It is essential that children reach developmental milestones appropriate for their age so that they don’t fall behind and miss crucial marking points in their growth. As parents, it is vital to know what is considered “typical” and expected at your child’s age so that if there is an issue, it can be addressed right away. In this blog, we are going to briefly explain skills encompassed in the following three developmental areas for children ages 3-7: speech, language, and articulation. Additionally, we’ll describe typical milestone expectations in these areas for this particular age group.
What is speech?
Speech is how we communicate or how we say sounds, words, and sentences. Speech is an umbrella term that includes the following skills:
Articulation: how we make speech sounds using our tongue, lips, and mouth.
Voice: how we use our breath and vocal cords to produce sounds.
Fluency: The overall rhythms of our speech, including talking and pausing.
Articulation is a skill that falls under the umbrella of speech and refers to the ability to produce sound by the use of our lips, tongue, and other oral structures of the mouth and jaw. Certain movements of the mouth are required to produce speech sounds, including pursing the lips, clicking the tongue, opening the jaw wide, etc. These oral movements work in conjunction with the vocal cords and respiratory system to produce speech.
At age 3, the child uses most speech sounds, but may distort some of the more difficult sounds, such as l, r, s, sh, ch, y, v, z, th. They can use consonants in the beginning, middle, and end of words even though they may come out slightly distorted.
By age 4, the child is increasingly understandable. Although, longer words are still difficult to pronounce and often come out distorted.
By age 5, most of the child’s articulation should be quite clear and easy to understand. However, “r” and “th” sounds may still be slightly underdeveloped.
By age 6-7, there aren’t generally any specific articulation milestones since most are fully developed by this time. The focus tends to shift towards socialization and using articulation towards language development. In some instances, sounds may be left off the ends of words, which can make understanding expressive language a little tricky.
What is language?
Language includes the words that we use to formulate thoughts or ideas and to communicate our wants and needs. Skills included in language include formulating new words, recollecting learned words, putting words together, and being able to formulate a collection of words at different times to meet the demands of each social situation.
A 3-year-old is having fun with language and can understand when something sounds silly, like “do you have a monkey in your pocket?” Strangers can pick up on what most of the child is saying, and the child is now answering very simple questions. Children in this age group are starting to correctly identify colors and can often describe the use of objects, such as a “spoon” or a “car”. They can express ideas and feelings rather than just talk about objects in the world around them. They can repeat sentences, say their name and age, speak approximately 250-500 words, answer simple questions, and speak in 5-6 word sentences. Although they can speak relatively clearly, not everything they say is comprehensible until they get past age 4.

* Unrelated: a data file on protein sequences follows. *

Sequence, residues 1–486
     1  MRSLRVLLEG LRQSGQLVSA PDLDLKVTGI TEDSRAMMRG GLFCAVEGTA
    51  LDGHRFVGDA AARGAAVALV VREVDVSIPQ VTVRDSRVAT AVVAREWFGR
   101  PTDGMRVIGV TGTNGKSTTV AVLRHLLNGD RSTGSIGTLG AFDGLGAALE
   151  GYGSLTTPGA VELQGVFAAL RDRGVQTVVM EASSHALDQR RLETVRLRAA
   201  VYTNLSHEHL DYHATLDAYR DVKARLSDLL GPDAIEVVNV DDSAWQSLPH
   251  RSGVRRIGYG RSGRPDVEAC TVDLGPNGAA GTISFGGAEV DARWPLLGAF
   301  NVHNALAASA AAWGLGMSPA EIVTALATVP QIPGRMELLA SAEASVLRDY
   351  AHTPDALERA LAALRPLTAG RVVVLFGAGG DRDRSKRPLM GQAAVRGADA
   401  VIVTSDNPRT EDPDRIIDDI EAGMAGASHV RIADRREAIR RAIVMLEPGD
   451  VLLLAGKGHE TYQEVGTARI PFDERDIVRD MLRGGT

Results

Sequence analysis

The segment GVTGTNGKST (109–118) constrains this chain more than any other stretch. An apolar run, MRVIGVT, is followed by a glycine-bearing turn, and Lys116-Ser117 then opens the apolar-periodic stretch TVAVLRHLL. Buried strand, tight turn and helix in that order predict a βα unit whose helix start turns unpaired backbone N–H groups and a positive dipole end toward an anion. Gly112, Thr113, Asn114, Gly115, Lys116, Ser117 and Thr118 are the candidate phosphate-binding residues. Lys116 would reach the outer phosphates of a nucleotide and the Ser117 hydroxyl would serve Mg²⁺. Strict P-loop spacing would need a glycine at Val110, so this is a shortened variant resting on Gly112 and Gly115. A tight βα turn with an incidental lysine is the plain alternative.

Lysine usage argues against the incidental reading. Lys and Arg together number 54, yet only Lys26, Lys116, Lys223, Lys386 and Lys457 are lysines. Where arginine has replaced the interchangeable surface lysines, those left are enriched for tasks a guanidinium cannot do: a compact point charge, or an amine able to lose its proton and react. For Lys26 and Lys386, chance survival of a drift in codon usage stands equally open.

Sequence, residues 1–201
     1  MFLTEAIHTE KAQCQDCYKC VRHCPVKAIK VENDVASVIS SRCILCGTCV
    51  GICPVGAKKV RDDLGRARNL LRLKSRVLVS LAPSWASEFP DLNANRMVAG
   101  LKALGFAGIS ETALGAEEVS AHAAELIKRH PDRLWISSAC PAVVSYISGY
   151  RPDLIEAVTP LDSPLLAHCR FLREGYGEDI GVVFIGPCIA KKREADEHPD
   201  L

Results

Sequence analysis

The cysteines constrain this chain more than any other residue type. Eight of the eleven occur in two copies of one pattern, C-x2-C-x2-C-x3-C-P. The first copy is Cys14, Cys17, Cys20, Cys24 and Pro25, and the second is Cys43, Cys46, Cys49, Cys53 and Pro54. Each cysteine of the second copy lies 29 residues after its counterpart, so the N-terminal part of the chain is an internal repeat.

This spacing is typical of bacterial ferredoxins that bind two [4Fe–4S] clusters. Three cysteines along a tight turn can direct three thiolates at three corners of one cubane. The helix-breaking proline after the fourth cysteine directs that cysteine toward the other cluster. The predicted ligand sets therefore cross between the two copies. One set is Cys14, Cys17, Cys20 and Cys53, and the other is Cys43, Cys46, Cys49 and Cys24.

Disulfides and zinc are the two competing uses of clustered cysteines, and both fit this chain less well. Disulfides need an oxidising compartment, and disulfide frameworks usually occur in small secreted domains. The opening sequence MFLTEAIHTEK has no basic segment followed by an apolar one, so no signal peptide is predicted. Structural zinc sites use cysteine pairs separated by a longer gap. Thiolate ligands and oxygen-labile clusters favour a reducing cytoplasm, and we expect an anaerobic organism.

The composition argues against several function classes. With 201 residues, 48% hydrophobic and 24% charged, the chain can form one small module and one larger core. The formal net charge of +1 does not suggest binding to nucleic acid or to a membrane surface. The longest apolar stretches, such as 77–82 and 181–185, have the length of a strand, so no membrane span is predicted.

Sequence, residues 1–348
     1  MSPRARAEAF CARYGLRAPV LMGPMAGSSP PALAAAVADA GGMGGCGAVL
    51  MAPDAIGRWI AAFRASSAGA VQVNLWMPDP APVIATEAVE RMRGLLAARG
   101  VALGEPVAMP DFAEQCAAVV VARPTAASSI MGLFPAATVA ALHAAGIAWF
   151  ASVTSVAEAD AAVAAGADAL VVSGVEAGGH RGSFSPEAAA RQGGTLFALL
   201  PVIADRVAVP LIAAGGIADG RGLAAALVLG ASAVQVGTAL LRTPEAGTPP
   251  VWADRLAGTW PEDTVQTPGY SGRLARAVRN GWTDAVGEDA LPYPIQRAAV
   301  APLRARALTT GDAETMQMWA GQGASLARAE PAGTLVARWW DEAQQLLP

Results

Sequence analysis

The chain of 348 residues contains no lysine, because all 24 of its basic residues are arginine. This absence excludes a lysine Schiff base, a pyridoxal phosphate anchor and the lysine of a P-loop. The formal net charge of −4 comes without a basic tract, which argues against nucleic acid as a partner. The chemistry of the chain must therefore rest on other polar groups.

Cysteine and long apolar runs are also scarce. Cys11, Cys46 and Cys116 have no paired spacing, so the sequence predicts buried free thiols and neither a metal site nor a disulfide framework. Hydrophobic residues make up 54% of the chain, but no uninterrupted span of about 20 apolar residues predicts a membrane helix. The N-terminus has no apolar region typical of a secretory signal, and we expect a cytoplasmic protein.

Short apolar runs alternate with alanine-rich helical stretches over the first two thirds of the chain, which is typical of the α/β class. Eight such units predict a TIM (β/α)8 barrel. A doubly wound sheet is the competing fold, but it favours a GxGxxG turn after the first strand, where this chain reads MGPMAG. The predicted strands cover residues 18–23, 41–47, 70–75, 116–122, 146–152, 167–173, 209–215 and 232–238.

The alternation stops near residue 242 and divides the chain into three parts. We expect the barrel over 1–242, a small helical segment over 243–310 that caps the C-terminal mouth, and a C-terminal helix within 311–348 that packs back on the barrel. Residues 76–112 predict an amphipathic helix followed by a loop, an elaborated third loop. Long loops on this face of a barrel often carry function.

By age 4, the kiddo is understanding spatial concepts, including “behind”, “in front”, or “next to”. They are starting to grasp and answer complex questions, but sometimes with errors. They can now start answering “why” questions. These kids are starting to use irregular past tense verbs like “I ran” instead of “I runned”. They can describe how to do things, like drawing a picture. They can list items in categories and have a vocabulary of approximately 1,000 words.
At age 5, the child can carry out a series of 3 directions from another person. They now understand rhyming. They are actively engaging in reciprocal conversation and can use their imagination to create and share their own stories. They can also understand time sequences (1st, 2nd, 3rd). They can use compound or complex sentences and sentences that are approximately 8 or more words in length. They can also accurately describe objects.
By 6 years old, a child is starting to ask and answer factual and inferential questions, give directions, and use a wide variety of words rather than just the same ones over and over again. They can follow 3-step directions, answer “who”, “what”, “where”, “when”, “how”, and “why” questions. They can attend and listen to simple stories told by others and recall information provided to them. By age six children can copy or write letters of the alphabet.
By age 7, the child should be able to use past, present, and future tenses correctly. The child should be able to tell stories. They can provide a wide range of ideas in understandable expression. They are now starting to understand and appreciate joke telling.
Speech, language, and articulation as well as all underlying skills associated with these milestones are important contributing factors to a child’s daily function. A child attaining their milestones for these areas can make a huge difference in academics, daily living tasks,social participation, and overall survival. The Therapy Place can provide therapy services for children who need help achieving certain abilities that they are lacking or fall short in. Call us today for a free evaluation to see what your child may need help with.